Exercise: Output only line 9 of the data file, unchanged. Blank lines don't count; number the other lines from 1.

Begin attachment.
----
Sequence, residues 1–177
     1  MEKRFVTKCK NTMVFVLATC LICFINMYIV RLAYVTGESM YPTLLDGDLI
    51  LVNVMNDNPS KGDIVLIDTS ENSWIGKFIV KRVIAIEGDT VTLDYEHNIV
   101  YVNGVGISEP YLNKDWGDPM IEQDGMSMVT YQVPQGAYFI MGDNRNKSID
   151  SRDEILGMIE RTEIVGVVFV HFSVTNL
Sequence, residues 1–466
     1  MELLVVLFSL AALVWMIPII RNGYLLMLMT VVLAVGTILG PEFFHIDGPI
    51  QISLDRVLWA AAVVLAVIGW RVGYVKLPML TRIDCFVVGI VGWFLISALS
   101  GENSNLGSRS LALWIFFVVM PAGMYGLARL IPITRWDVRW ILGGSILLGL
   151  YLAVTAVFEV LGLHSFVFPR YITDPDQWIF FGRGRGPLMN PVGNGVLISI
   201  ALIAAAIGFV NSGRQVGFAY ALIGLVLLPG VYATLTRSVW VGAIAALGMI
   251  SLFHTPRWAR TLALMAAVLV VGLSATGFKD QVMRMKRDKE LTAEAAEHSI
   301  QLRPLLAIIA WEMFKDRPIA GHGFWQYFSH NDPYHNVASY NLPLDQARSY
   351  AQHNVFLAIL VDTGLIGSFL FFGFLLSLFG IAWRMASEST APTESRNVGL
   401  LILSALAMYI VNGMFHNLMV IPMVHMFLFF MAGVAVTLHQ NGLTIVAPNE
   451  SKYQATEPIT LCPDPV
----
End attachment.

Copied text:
   101  GENSNLGSRS LALWIFFVVM PAGMYGLARL IPITRWDVRW ILGGSILLGL